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click opera
February 2010
Thu, Apr. 26th, 2007 12:00 am
Who am I and what do I do?


Thu, Apr. 26th, 2007 12:13 am (UTC)

1) if youre Scottish, why do you speak in Received Pronounciation? I'm making a guess it's because you moved to London at an early age but I could be wrong.

I wouldn't quite call it RP. But it's close to Standard English. I'd say it's down to a combination of things. I had a more regional accent when I was a kid, but lost it as my parents lost theirs -- a combination of teaching English as a foreign language (my dad's job), education at a private school in a notoriously Anglo Scottish town (Edinburgh Academy, the same kind of school Tony Blair was educated in -- he also doesn't sound very Scottish). And, of course, the fact that I haven't lived in Scotland since 1984, and that I live mostly amongst non-native English speakers.

The weird thing is that I had a London accent in Edinburgh when I was about 10. I just sort of affected it to sound cosmopolitan, I think. But I was at a boarding school at the time, and everyone's parents were living in Nigeria, working for Shell or something. So accents blurred and blended. It's just... globalisation, really. I think our family got globalized about 20 years ahead of schedule. Even as a child, my life was jets, and nothing seemed more natural than for my dad to be taking jobs all over the world. Diplomatic or academic ostings in Athens or Montreal or wherever.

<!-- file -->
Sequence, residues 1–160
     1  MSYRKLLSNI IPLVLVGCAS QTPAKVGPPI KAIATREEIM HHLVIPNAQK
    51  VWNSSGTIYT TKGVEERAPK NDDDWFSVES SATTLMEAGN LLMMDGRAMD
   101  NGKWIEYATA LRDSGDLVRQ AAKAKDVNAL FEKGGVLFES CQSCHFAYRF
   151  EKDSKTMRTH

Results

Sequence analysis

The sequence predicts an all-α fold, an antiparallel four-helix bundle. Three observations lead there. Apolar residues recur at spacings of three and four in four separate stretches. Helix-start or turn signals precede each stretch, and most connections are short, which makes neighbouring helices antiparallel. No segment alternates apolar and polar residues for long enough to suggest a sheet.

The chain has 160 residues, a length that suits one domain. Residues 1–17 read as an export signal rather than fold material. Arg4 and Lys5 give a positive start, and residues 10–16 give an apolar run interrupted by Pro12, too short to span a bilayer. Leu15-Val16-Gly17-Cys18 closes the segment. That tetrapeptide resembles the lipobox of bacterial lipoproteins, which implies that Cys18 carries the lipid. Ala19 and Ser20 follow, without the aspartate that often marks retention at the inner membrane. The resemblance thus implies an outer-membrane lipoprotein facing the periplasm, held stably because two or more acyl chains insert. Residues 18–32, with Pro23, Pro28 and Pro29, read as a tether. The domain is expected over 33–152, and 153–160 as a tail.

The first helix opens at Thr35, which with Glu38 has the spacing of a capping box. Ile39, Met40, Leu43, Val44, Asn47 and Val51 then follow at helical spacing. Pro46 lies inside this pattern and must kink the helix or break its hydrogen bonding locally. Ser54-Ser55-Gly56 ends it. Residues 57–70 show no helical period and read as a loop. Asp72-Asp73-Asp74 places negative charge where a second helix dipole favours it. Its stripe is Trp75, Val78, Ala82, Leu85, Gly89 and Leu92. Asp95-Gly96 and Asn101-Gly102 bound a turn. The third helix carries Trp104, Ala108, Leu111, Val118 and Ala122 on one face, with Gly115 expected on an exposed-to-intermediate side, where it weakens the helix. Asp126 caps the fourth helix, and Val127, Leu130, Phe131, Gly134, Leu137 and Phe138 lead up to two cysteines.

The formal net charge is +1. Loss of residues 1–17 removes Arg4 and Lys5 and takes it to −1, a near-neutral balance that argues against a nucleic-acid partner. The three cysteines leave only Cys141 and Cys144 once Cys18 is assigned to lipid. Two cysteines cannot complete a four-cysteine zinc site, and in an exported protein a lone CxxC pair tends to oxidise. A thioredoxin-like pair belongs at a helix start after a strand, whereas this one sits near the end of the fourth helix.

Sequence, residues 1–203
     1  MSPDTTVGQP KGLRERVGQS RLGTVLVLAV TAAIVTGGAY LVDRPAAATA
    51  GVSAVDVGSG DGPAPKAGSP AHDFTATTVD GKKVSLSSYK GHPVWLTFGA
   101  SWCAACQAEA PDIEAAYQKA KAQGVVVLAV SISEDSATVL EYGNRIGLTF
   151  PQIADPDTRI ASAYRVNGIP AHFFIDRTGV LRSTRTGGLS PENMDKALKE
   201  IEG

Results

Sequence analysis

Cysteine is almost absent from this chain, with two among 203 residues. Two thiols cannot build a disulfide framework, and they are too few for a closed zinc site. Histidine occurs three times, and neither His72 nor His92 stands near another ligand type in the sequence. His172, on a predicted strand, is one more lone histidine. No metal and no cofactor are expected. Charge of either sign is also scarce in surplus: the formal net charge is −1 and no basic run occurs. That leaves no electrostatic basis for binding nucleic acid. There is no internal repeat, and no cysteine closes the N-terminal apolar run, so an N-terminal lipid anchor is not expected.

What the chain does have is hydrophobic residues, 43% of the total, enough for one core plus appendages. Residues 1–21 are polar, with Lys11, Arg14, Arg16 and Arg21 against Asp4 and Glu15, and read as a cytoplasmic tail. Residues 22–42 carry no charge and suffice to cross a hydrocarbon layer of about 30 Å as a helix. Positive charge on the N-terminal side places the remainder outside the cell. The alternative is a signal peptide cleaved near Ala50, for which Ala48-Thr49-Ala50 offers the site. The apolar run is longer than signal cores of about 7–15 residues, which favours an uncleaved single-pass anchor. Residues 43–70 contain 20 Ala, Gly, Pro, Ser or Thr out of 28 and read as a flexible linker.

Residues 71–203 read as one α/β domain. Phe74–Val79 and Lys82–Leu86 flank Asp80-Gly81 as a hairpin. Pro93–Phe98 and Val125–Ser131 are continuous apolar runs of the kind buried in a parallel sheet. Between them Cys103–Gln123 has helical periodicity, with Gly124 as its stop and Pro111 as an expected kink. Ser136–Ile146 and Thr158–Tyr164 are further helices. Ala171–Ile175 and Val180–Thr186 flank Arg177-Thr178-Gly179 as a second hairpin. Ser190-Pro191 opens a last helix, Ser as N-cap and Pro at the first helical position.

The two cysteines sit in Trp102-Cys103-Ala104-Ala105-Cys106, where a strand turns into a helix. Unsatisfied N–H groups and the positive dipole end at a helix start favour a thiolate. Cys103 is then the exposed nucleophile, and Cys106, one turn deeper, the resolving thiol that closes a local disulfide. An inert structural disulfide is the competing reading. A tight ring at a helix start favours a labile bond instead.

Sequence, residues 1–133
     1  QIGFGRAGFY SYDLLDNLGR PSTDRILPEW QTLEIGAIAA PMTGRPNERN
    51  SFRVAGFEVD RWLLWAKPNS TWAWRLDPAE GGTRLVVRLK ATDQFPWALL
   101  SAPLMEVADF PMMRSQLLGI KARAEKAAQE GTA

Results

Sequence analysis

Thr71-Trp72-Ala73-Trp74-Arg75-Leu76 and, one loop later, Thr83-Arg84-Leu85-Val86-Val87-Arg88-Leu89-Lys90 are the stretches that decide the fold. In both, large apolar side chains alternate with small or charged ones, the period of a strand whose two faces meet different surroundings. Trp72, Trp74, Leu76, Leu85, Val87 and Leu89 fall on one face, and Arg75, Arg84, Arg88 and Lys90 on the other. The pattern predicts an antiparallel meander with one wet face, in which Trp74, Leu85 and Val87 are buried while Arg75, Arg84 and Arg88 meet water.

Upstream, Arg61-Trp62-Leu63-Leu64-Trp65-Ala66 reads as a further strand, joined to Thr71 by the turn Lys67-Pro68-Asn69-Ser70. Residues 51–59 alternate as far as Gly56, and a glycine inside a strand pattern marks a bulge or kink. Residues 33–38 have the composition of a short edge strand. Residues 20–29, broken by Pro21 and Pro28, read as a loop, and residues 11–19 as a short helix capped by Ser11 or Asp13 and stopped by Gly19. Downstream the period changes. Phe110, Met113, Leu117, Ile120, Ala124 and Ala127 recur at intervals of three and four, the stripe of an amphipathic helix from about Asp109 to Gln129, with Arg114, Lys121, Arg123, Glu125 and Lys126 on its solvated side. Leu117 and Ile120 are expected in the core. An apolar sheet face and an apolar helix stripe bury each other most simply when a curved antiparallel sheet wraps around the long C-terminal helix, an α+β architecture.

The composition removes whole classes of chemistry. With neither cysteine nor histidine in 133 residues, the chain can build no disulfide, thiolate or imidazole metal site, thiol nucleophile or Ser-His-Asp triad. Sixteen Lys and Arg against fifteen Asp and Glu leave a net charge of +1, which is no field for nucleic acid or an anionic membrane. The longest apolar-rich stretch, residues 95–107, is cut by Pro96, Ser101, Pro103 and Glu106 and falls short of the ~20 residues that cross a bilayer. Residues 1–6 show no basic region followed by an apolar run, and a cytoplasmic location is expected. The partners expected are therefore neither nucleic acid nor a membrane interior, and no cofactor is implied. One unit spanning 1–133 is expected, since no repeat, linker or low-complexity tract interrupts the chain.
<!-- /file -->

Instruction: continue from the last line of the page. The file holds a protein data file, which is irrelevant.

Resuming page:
2) You say music is dying; why do you feel like this? What was different before?

Cos basically I can remember a time when music carried into the mainstream the values of a counterculture that was really going to change the world. I remember the 60s and 70s. Music was a popular artform that got on mainstream TV but seemed to come from somewhere else entirely. Planet Sex, or Planet Freakout, or whatever. It was like a liberal secular religion, something worth giving your life to, dying for (even if that was just becoming Dionysus and choking on your own vomit). But music has lost that mission -- or, rather, succeeded too well -- and fragmented and tribalized, and become incapable of changing anything. Dionysus now works for Virgin Airlines. All that desublimation turned out to be super-repressive. What might change the world is robots, the internet, genetic engineering, and time-based media. Well, all except time-based media, actually.